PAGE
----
I am not a statistic. I should be one. I should be caught in the cycle of poverty, addiction and crime. Growing up I had an incarcerated father who struggled with alcoholism. I was raised by a single mother who became victim to the power of prescription pills. I felt voiceless. I felt alone and [...]
Category: education + schools
At this year’s annual I WAS THERE public final event, on Thursday, May 2nd, 6 – 8 pm, visitors will be invited to take an imaginary “Walk Down Wickenden” in the school’s hallways to engage with all that our students have learned and experienced with their resident IWT teachers and artists during this seven month arts immersion residency. This free public event, is the result of our students’ research of local art history, conducting of oral history interviews, and immersion in four nine-week artist residencies with highly regarded local RI artists.
Last week was the second event in the Speaking of Play series presented by the Providence Athenaeum, Providence Children’s Museum and Kidoinfo: a provocative conversation about the important benefits of recess. Panelists shared stories of their recess crusades and sparked an enthusiastic and passionate audience exchange about joining together as a community to stand up [...]
During the past decade, federal and state policies have dramatically expanded the significance of high-stakes standardized tests, not just for students preparing for four-year colleges but for all students as they head toward high school graduation. What does it really mean?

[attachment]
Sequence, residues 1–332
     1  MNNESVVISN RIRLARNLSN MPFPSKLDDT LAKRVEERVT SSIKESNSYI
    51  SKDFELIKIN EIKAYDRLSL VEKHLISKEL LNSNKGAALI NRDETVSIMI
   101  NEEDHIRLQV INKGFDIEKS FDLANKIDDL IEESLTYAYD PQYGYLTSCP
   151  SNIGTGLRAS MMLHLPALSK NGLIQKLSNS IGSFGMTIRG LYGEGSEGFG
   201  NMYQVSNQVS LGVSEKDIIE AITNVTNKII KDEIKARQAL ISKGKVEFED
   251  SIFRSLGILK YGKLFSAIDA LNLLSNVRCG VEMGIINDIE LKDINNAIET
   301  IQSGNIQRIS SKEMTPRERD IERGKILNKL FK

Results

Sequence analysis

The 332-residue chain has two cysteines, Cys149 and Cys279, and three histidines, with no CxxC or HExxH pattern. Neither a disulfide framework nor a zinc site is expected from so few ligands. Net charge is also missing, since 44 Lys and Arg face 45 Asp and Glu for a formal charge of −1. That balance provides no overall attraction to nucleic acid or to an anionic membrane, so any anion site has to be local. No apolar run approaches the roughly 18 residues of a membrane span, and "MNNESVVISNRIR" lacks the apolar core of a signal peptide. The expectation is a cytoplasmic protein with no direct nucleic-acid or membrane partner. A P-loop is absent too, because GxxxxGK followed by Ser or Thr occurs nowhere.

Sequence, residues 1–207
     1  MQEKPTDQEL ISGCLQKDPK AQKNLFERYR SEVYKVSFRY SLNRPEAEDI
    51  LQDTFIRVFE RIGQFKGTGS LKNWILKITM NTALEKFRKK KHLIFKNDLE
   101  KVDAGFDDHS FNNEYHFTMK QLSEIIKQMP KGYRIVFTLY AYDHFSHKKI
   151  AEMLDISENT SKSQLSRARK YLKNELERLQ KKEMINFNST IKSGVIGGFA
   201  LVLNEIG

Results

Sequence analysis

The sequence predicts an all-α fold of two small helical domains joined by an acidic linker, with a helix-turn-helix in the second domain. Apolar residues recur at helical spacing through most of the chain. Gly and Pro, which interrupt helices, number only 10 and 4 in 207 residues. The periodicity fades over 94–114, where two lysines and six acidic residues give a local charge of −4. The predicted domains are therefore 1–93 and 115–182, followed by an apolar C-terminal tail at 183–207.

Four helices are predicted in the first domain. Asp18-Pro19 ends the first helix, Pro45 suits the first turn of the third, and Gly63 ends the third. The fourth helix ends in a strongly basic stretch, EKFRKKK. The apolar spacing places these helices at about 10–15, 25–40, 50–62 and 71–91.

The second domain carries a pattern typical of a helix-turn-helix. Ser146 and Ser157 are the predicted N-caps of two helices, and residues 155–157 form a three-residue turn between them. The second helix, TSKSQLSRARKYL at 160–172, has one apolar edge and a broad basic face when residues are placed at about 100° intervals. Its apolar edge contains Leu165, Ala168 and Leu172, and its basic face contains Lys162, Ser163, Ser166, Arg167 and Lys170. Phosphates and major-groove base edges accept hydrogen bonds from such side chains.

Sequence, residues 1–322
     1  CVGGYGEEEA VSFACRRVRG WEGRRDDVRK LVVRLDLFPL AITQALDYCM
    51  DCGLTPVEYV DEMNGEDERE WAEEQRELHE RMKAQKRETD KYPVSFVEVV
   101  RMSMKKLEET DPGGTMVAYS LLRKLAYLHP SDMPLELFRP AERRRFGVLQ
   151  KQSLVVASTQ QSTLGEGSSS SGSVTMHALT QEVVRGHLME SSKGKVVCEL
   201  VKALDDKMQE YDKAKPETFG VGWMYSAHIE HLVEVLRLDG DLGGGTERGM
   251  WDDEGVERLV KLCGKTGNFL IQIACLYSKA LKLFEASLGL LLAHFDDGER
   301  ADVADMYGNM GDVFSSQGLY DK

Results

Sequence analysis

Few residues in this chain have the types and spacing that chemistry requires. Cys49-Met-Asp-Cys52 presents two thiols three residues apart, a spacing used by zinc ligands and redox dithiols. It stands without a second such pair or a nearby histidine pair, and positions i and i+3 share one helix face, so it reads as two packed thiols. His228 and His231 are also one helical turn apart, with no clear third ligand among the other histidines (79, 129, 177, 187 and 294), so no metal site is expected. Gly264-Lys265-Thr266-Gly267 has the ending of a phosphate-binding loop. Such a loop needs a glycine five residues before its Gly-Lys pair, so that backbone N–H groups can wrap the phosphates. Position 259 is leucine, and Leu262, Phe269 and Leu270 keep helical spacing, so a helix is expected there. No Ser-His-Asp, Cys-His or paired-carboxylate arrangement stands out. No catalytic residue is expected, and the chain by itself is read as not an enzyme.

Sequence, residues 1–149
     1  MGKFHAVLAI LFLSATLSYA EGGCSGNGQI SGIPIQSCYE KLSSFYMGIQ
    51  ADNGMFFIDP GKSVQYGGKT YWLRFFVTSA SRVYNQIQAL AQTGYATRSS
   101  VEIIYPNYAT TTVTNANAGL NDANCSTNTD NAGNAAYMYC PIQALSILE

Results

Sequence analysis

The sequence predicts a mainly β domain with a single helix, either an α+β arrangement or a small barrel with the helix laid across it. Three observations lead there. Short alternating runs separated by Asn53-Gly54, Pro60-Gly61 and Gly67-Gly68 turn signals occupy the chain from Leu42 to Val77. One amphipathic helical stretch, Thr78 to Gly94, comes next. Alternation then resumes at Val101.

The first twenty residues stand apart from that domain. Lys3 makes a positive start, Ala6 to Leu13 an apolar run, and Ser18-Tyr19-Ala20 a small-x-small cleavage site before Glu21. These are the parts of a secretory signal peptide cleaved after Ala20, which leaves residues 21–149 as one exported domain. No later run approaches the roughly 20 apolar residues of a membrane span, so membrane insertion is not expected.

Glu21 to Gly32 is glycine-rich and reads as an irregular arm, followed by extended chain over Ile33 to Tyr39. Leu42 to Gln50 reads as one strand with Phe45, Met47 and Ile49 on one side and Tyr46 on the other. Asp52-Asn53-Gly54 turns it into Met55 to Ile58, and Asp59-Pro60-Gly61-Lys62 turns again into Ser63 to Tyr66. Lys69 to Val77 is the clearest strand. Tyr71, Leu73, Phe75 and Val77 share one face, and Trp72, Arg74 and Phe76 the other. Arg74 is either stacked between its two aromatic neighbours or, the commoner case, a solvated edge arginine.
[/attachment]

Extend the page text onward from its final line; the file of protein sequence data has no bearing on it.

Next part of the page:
If I asked you to describe what “environmental education” looks like, what image would first spring to mind? Perhaps it’s a camp group walking in the woods, observing and drawing birds. Maybe it’s a group of elementary students out on Narragansett Bay, taking water samples. Or maybe it’s a high school class, learning about the effects of pollutants on genetic mutations. All of these certainly qualify as environmental education. But a whole bunch more would too.
Providence is seeking bilingual volunteers for Leyendo, a new tutoring program named after the Spanish word for ‘reading.’
Leyendo is a service-based initiative to boost reading levels for Providence students who are not reading on grade level and speak a language other than English at home. The program will serve 50 second- and third-grade English Language Learners at Carl Lauro Elementary School who have been identified as struggling readers.
The Providence After School Alliance (PASA) is looking for high school students to mentor students in four city middle schools. Approximately 100 students from Roger Williams, Gilbert Stuart, Hopkins and DelSesto middle schools will participate. High school mentors will work with City Year to help eighth-graders make the transition to high school. The program includes [...]